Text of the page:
1. Pre-wet the pipette tip
Aspirate and expel sample liquid at least three times before aspirating a sample for delivery. Evaporation within the tip can cause a significant loss of sample before delivery. Prewetting increases the humidity within the tip, thus reducing variation in sample evaporation. Using the same tip (without prewetting) to deliver multiple samples results in lower volume for the first few samples. The need to pre-wet increases when working with volatile samples such as organic solvents.
2. Work at temperature equilibrium
Allow liquids and equipment to equilibrate to ambient temperature. The volume of sample delivered by air displacement pipettes varies with air pressure, relative humidity and vapour pressure of the liquid, all of which are temperature dependent. Working at a single, constant temperature minimizes this variation.3. Examine the tip before dispensing sample
Wipe the tip only if there’s liquid on the outside of the tip. Absorbent material rapidly carries sample from the tip if it contacts the tip opening. Unnecessary tip wiping increases the possibility of sample loss.
4. Use standard mode pipetting
Choose standard mode pipetting rather than “reverse mode” for all but viscous samples, if accurate and precise results are desired. In reverse mode pipetting, the plunger is depressed completely (past the first stop) to aspirate the sample and then depressed only to the first stop to deliver the sample. If reverse mode is used with normal aqueous fluids, the pipette tends to deliver more than the calibrated volume. On the other hand, using normal mode with viscous samples, especially when liquid is retained in the tip, results in under delivery.
- Good Pipetting Technique
5. Pause consistently after aspiration
Pause with the tip in the liquid for about one second after aspirating the sample. It takes a moment for the liquid in the tip to finish moving after the plunger stops, so failure to pause will cause the volume to be too low. Slow and even plunger release and a consistent, brief pause after aspiration minimizes this error.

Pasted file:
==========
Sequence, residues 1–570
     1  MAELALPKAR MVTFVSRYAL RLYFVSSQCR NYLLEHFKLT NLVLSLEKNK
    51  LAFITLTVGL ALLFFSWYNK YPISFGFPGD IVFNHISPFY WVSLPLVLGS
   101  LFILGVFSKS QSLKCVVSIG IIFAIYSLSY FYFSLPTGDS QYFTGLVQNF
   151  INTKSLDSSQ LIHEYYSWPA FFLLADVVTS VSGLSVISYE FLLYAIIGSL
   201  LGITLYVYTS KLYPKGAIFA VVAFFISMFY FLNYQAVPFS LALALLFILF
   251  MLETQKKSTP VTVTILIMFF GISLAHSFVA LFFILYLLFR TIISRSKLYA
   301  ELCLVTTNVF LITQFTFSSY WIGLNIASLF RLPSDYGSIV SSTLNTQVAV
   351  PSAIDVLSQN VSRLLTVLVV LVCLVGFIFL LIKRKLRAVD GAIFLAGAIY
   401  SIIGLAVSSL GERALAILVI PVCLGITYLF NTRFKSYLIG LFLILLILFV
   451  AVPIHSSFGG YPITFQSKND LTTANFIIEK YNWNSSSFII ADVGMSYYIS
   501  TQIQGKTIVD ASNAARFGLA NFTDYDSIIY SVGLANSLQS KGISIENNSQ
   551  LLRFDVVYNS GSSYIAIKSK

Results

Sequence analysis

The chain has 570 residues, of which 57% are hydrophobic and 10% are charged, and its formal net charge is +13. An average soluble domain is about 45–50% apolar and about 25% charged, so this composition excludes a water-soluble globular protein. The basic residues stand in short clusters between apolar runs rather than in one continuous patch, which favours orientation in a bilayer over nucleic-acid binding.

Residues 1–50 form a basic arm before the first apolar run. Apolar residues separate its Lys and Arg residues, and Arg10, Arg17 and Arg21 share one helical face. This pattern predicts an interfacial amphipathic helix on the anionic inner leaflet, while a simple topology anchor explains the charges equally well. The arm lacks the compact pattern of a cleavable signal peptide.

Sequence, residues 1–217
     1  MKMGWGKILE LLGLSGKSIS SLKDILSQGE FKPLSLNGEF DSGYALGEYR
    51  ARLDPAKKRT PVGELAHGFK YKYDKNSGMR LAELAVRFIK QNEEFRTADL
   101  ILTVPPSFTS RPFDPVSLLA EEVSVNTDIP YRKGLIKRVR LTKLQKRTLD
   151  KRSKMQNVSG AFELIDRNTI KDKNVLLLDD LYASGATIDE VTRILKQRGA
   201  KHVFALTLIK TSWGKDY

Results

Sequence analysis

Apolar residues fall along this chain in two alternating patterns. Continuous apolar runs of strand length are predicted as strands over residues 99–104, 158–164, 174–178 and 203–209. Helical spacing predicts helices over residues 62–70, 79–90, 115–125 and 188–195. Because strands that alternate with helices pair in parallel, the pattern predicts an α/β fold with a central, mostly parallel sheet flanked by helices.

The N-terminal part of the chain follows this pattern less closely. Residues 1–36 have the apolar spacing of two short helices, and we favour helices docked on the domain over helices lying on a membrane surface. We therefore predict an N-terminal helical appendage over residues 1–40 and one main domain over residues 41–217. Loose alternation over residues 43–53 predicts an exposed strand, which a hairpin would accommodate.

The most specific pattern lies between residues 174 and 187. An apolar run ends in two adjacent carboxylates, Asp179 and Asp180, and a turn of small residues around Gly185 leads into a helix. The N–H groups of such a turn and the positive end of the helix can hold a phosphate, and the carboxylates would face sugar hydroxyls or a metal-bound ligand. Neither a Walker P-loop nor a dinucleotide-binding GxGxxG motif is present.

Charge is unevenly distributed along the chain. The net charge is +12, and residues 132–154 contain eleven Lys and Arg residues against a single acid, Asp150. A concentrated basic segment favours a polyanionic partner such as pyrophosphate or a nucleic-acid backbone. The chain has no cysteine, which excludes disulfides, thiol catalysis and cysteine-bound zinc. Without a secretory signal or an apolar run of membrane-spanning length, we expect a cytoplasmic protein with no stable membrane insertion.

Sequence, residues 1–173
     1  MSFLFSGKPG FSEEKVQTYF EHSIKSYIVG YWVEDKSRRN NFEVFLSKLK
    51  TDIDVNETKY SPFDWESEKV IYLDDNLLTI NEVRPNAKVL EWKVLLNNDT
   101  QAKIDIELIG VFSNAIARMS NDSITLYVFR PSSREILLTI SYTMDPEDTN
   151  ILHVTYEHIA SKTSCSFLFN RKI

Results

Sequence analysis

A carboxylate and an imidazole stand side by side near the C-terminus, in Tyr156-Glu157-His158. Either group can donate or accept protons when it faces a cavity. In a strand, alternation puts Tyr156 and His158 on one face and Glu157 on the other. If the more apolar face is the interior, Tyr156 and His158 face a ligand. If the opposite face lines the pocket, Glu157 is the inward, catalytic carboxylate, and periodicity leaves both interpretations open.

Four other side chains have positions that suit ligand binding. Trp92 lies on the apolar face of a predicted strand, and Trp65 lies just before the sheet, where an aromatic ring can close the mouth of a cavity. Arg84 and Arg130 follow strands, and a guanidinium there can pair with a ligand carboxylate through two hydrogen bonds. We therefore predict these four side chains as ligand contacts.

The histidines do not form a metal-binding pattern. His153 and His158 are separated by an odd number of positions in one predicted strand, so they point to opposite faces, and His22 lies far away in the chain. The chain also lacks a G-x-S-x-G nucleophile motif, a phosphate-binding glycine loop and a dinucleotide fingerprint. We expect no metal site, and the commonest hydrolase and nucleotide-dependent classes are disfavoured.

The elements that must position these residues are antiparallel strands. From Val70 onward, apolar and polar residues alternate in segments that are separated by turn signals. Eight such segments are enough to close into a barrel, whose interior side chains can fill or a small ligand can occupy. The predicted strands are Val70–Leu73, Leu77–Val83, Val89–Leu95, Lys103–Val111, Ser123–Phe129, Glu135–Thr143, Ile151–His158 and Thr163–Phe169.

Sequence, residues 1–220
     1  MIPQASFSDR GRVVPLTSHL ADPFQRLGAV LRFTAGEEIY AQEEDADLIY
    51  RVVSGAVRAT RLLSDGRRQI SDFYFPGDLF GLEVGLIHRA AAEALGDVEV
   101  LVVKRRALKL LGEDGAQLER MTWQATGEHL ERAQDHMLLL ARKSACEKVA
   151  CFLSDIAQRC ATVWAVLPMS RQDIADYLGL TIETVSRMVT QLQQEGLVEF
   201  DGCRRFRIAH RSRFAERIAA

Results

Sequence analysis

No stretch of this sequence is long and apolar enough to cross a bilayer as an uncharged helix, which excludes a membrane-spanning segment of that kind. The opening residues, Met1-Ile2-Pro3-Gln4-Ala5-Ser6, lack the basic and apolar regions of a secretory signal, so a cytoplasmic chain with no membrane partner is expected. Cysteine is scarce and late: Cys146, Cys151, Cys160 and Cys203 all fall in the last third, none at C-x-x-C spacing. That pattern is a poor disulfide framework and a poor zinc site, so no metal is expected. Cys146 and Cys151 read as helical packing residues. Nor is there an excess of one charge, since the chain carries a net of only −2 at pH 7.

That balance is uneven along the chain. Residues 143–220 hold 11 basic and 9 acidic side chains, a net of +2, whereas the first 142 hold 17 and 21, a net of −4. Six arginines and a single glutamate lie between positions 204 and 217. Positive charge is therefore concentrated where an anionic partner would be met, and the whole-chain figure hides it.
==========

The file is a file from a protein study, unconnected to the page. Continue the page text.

6. Pull the pipette straight out
Pull the pipette straight out of the container after aspirating a sample. Do not touch the tip to the sides of the container. This technique is especially important when pipetting small volumes (<50µL). Surface tension effects cause the sample volumes to vary if the exit angles vary. Touching the tip against the container walls results in loss of sample.
7. Minimize handling of the pipette and tip
Set the pipette down between sample deliveries and avoid handling the tip. Body heat transferred to equipment during handling disrupts temperature equilibrium. As explained in Tip no. 2, the volume of sample delivered varies with temperature.
8. Immerse the tip to the proper depth
During sample aspiration, immerse the tip 2–5mm below the meniscus and well clear of the container walls and bottom. Inserting the tip too deep into the liquid causes excess droplets to cling to the outside of the tip. Pressing or resting the tip against the container walls or bottom restricts entry of the sample.
9. Use the correct pipette tip
For accurate volume delivery, choose a tip that’s designed for use with the type of pipette being employed and securely attach it. Mismatching a tip and pipette, or using poor quality tips can result in an inadequate seal between the pipette and tip. Quality tips are flexible and have thin walls, providing airtight seals and dependable sample delivery.
10. Use consistent plunger pressure and speed
Depress and release the plunger smoothly and with consistent pressure and speed when dispensing each sample. Pipettes, like all precision instruments, produce more reproducible results when operated with attention to detail and proper technique.
For more informaton on the full range of Camlab’s pipettes and tips please visit www.camlab.co.uk